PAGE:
Sunday Morning

A blogger friend challenged to begin Sunday morning with a 25 second video from the front porch/door to show the changing season from Autumn to Winter. Here is this morning, a mostly clear, sunny, but chilly 43 f (4.1 c), quite the change from the past few weeks. We aren’t getting the pretty fall colors this year, most of the trees are yellowing or browning and the leaves dropping already. Some are already bare or nearly so. I don’t seem to be able to link it as a video, this is just the opening shot. The video can be viewed on my Instagram if you follow me there at spn_knt.

The last time I mowed, I had hoped it would be for the last time this year. The mower needs an oil change and the blades sharpened or replaced. I picked up a chunk of erosion fence in the blade last time and it was quite the challenge to get to free from the blade it wrapped around. Day before yesterday in late afternoon, I brought the mower and line trimmer out again and though I didn’t do all the acreage I usually mow, I got around the house and coop and trimmed around the flower garden in the back. The chickens love when I mow and run into the area I have just passed, gorging on newly clipped grass and the insects it disturbs. I am always amused when the Perdue chicken commercial comes on TV and the actor tells the family what chickens from other breeders are fed and to go down to the Perdue booth, that Perdue chickens are given only clean grain feed. If you have ever watched chickens, they are Velociraptors, they will eat snakes, mice, frogs, bugs, grass, seeds, and just about anything, they are definitely not vegetarian and chickens fed that way are not healthy.

We have two aging pups, the younger of the two has never been a healthy dog and for the past three mornings, I have had major accidents to clean up while they are outdoors and before I can feed them. That is not the way I prefer to start my day and though I really dislike scented candles, I have had to use a wax warmer with a sliver of eucalyptus scented wax with a chunk of beeswax to clear the air.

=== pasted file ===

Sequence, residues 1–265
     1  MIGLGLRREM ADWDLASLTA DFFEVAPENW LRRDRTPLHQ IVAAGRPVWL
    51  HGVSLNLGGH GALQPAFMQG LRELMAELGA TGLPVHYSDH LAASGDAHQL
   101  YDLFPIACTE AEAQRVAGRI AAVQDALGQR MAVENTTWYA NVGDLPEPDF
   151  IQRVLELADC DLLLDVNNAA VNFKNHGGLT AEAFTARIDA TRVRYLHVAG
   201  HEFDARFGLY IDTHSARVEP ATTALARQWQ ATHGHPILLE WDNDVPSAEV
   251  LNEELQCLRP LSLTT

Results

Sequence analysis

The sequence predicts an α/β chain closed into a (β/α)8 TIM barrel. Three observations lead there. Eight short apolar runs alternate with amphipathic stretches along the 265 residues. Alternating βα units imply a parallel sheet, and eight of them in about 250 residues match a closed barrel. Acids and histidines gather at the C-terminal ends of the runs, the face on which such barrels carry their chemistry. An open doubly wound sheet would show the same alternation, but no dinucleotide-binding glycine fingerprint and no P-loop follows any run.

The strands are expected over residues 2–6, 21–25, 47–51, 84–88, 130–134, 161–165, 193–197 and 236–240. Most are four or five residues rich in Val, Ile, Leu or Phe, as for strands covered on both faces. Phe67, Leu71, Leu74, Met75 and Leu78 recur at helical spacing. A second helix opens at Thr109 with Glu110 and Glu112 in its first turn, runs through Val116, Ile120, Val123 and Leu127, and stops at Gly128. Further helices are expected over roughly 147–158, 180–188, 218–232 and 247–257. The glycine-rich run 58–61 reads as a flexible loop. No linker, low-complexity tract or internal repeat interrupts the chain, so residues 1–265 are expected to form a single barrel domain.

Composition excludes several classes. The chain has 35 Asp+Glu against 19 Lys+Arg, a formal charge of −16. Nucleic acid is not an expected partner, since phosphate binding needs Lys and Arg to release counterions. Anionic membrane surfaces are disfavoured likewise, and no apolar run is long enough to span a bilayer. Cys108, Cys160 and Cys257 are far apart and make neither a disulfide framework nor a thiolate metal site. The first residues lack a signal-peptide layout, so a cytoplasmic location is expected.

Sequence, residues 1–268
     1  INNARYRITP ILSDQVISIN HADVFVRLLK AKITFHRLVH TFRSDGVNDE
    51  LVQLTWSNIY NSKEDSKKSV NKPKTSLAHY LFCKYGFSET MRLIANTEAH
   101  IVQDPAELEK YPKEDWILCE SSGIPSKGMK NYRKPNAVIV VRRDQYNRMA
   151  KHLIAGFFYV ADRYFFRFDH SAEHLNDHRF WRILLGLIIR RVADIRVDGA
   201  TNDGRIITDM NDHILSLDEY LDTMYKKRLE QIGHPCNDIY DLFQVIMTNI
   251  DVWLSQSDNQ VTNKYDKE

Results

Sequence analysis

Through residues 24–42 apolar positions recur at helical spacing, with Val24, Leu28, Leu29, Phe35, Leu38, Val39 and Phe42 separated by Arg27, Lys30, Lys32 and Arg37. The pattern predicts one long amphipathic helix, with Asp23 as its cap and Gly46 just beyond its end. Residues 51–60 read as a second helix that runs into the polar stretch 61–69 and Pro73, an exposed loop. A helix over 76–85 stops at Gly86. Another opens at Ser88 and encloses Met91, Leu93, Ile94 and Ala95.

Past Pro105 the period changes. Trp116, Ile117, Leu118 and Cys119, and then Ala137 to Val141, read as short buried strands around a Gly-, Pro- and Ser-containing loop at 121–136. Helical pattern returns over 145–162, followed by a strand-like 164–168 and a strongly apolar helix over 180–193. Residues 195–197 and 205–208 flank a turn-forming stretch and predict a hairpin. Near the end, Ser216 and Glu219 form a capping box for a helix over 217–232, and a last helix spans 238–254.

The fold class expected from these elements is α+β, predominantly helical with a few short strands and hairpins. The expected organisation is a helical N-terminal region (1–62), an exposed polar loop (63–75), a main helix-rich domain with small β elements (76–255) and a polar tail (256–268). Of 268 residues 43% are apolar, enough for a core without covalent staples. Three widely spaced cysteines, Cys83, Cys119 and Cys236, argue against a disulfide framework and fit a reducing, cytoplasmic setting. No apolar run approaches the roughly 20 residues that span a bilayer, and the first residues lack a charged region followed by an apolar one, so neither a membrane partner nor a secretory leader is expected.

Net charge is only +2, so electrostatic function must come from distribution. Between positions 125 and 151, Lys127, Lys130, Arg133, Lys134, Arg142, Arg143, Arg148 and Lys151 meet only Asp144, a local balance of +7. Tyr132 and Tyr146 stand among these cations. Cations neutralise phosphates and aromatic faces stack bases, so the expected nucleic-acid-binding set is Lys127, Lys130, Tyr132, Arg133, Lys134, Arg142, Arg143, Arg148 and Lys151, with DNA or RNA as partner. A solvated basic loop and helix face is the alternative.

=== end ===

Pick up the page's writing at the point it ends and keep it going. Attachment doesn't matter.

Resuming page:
Our daily schedule generally involves a walk after lunch, today we are headed out this morning, so hubby can watch a football game and I can prepare Sunday dinner for Daughter and her kiddos. I think this will be the first walk of the season where I don my jacket that hubby gave me for my birthday a few years ago, maybe a knit hat as well. At least it is sunny and not wet and windy.

The End is Nigh

The past few days of early summer like weather is in the process of ending as we speak. A strong cold front is moving through with rain, some wind, and much lower temperatures. Last night’s low is today’s high and by next weekend, we will begin to see night time temperatures in the 30’s. We have passed our average first frost date, but it is rare to see frost yet.

The garden still hasn’t been fully cleared, some tomatillos and tomatoes are still out there, some dry standing corn stalks and a single Hubbard squash still on the vine, the rest have been brought in. The winter greens bed has nice rows of seedlings of radish, spinach mustard, spinach, and lettuce. They will be covered with row cover by the end of the week and later by heavy plastic as real freezes are forecast.

I decided to bring the spider plants in after all. There are two hooks in the utility/panty room with north and south facing windows, though heated only by leaving the door open to the main house. There is a wall installed space heater, but it is noisy and expensive to run. All of the baby shoots were removed from the plants and a flat of Jiffy Peat blocks started with a dozen tiny spider plants. They will be planted in the hanging pots to fill them in once they have roots. I figure they won’t all take. If they do, some will be potted in one of the various empty pots around the house and they can adorn a step or table next spring.

I couldn’t resist bringing in the begonia that has sat on the front porch table since the porch was restained and decorated last summer. It was just too pretty with it’s sunny yellow blooms to not enjoy for a while longer.

The jungle of succulents joined the pothos and Thanksgiving cactus that spent the summer on the shelf at the end of the kitchen counter, with the second shelf they had spent the summer sitting upon on the front porch.